For much of the past two decades, copyright groups have steadfastly sought to deny what the Supreme Court of Canada has repeatedly endorsed, namely that the purpose of Canadian copyright law is to serve the public interest by balancing users’ and authors’ rights. Last week provided the latest episode in the ongoing series as the Court delivered yet another strong affirmation on the importance of copyright balance and the role of technological neutrality, confirming that “[c]opyright law does not exist solely for the benefit of authors.” The decision – SOCAN v. Entertainment Software Association – can read on at least four levels: (1) as a repudiation of SOCAN’s effort to establish a new, additional royalty for the “making available” of music; (2) as a confirmation of the importance of technological neutrality and copyright balance; (3) as an example of the flexibility associated with implementing the WIPO Internet treaties, and (4) as the undeniable entrenchment of Canadian copyright jurisprudence that now features deeply layered precedents on users’ rights.
Archive for July 20th, 2022
Episode 168: Privacy Commissioner of Canada Philippe Dufresne on How to Fix Bill C-27
May 29, 2023
May 15, 2023
May 1, 2023
Episode 164: Teresa Scassa on the Latest Canadian Court Ruling on Facebook and What It Might Mean for Privacy Reform
April 24, 2023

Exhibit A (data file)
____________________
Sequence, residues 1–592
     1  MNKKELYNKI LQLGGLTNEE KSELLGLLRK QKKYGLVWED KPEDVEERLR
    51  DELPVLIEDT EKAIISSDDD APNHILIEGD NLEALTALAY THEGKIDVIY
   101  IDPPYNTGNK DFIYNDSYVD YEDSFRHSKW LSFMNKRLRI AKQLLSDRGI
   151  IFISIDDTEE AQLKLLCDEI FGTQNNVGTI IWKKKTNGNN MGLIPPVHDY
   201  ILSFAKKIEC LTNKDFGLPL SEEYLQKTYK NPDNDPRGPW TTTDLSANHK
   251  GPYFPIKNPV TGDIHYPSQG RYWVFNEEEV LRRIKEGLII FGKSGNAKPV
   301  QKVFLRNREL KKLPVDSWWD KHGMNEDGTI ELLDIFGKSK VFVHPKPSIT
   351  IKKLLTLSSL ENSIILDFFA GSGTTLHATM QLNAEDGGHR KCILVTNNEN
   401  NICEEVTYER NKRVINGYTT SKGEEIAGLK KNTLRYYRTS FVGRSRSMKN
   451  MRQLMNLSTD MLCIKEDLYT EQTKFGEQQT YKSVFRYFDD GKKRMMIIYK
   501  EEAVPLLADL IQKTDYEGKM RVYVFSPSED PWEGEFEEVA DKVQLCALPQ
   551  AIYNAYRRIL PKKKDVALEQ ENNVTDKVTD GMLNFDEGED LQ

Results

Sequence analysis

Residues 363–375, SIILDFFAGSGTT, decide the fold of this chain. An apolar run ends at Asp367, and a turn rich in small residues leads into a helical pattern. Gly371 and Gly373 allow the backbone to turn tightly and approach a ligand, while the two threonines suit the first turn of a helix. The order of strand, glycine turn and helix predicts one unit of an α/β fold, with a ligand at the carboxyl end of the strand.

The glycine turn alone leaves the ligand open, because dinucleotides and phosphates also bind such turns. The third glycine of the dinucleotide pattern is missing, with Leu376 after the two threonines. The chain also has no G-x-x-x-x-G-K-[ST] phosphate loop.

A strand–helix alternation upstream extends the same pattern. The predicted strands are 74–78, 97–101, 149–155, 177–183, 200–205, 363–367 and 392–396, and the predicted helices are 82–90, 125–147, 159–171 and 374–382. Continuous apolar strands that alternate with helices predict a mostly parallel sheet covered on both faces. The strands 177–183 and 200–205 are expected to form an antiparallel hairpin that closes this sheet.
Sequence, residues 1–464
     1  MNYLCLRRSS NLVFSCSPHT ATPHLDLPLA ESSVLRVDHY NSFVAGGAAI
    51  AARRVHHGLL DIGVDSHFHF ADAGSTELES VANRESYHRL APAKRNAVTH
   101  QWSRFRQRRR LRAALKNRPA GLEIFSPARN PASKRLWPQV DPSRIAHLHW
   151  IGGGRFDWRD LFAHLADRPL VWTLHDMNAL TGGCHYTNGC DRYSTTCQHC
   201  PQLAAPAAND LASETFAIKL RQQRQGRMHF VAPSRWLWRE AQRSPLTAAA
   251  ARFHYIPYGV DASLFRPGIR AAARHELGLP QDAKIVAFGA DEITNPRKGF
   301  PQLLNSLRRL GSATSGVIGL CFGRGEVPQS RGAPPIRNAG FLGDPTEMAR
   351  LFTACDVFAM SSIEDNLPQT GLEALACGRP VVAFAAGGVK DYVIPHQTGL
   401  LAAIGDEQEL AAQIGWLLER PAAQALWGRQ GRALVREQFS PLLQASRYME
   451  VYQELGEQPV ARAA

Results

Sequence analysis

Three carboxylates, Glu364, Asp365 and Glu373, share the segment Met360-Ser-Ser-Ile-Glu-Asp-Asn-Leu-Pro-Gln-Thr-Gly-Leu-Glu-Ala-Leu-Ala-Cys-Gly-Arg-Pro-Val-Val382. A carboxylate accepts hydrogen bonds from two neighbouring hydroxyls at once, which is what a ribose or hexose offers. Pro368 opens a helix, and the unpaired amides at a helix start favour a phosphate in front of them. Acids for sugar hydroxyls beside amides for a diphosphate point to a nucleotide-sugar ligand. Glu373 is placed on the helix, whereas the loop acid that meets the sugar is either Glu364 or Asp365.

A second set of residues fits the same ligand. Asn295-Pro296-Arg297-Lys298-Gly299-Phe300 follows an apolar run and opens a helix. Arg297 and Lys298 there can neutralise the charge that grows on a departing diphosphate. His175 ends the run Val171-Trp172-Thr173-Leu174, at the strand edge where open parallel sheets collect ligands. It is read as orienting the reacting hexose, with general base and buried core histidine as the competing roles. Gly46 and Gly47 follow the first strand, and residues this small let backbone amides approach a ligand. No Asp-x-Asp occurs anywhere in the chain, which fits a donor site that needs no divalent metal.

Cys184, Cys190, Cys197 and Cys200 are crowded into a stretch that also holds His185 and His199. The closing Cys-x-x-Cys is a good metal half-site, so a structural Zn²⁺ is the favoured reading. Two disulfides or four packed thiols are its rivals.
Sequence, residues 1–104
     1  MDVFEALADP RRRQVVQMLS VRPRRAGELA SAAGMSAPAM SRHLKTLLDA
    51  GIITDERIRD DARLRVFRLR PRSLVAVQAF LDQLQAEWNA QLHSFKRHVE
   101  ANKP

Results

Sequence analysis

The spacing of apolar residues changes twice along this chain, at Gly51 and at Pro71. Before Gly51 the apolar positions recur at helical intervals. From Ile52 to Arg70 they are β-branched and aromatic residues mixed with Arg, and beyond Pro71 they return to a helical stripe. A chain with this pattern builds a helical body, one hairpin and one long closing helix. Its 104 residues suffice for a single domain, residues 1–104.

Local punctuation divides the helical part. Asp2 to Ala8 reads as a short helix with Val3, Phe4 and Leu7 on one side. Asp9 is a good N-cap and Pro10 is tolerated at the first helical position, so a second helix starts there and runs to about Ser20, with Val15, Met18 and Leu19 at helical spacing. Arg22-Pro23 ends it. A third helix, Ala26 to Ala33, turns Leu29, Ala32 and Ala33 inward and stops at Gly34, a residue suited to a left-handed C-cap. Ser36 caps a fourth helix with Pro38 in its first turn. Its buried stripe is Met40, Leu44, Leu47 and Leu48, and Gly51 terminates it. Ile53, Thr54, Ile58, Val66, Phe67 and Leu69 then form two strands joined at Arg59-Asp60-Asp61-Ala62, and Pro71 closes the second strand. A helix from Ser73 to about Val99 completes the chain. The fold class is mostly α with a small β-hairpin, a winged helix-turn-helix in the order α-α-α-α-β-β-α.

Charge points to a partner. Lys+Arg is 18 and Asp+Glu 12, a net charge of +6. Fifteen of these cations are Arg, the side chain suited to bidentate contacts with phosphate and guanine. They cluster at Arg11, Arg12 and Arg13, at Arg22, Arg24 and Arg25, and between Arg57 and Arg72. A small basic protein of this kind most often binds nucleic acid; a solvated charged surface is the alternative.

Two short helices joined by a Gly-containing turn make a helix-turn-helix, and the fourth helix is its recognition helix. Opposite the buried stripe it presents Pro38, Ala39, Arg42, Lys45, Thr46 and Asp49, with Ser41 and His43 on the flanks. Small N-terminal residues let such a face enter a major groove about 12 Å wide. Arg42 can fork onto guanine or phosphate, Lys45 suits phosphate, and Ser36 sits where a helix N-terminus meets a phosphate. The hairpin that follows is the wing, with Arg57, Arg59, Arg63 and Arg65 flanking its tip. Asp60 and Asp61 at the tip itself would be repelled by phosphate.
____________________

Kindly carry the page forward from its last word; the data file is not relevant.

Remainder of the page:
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- Meta to Test Blocking News Sharing on Facebook and Instagram in Canada in Response to Bill C-18’s Mandated Payments for Links
- Globe Publisher Calls Bill C-18 a “Threat to the Independence of Media” As Government Senate Representative Smears Bill Critics
- Extend the Deadline: My Submission to the CRTC on its Deeply Flawed Bill C-11 Consultations
- The Law Bytes Podcast, Episode 168: Privacy Commissioner of Canada Philippe Dufresne on How to Fix Bill C-27
- CRTC Chair Vicky Eatrides Faces Her First Big Test: Is the Commission Serious About Public Participation on Bill C-11?
Law, Privacy and Surveillance in Canada in the Post-Snowden Era (University of Ottawa Press, 2015)
The Copyright Pentalogy: How the Supreme Court of Canada Shook the Foundations of Canadian Copyright Law (University of Ottawa Press, 2013)
From “Radical Extremism” to “Balanced Copyright”: Canadian Copyright and the Digital Agenda (Irwin Law, 2010)
In the Public Interest: The Future of Canadian Copyright Law (Irwin Law, 2005) .